Three-pointers have been a huge part of the Trail Blazers' arsenal this season, and although Aldridge is essentially not a three-point shooter, he's one of the main reasons they've been so good.
When Aldridge is on the bench, the Trail Blazers are shooting 36.6 percent on three-pointers. When Aldridge is on the floor, that number climbs to 38.6 percent.
With that said, the Trail Blazers don't just use the space opened by Aldridge's presence to create three-point shots.
Here, you can see the Washington Wizards' Nene and then the New York Knicks' Tyson Chandler pulled in two different directions by an opening at the rim and the threat of leaving Aldridge open on the perimeter. In both cases, indecision results in wide-open layups.
Aldridge has been getting more attention from opposing defenses than ever before. While that extra attention has dragged down his own efficiency numbers, he and his teammates have become adept at leveraging that extra defensive attention into open shots.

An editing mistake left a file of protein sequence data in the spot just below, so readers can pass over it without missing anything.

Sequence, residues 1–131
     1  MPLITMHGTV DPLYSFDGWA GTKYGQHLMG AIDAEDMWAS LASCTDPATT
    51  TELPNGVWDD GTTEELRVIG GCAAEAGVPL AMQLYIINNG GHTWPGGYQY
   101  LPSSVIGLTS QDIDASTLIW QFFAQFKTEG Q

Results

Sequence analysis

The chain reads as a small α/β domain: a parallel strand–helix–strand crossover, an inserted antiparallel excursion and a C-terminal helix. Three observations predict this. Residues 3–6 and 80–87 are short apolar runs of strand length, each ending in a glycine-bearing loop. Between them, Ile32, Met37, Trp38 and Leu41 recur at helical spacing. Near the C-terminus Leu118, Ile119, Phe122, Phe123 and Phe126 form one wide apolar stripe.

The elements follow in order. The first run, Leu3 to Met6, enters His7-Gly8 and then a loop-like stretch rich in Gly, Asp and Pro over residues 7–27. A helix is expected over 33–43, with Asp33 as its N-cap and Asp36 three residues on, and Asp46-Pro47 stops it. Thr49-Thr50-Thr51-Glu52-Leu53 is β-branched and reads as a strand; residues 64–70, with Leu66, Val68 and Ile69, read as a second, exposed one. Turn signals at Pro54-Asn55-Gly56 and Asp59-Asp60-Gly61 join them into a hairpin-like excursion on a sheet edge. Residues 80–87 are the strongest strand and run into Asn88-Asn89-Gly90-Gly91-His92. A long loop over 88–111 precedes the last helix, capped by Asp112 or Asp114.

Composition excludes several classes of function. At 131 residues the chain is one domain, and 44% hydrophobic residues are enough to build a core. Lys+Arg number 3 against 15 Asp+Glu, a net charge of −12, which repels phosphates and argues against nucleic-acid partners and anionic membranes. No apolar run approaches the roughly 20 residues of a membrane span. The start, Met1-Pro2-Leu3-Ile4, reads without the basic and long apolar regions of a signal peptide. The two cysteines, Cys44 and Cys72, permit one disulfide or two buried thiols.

However, as the Trail Blazers' strong start has turned into a strong season, opponents have continued to make adjustments. The Trail Blazers' average points per 100 possessions has declined in each of the last two months, all the way down to 103.9 in their seven games in the month of February.
As the playoffs approach, Portland will need to continue experimenting and adding new wrinkles. As opposing defenses become more decisive, often allowing Aldridge to shoot long two-pointers, what worked in the past may not generate the same results.
Aldridge's efforts this season show that the offensive impact of a player can extend far beyond their own makes and misses.
But if the Trail Blazers are going to push for a deep playoff run, that impact will need to expand—both from increasing his own efficiency and continuing to help his teammates increase theirs.
Statistics courtesy of NBA.com/stats.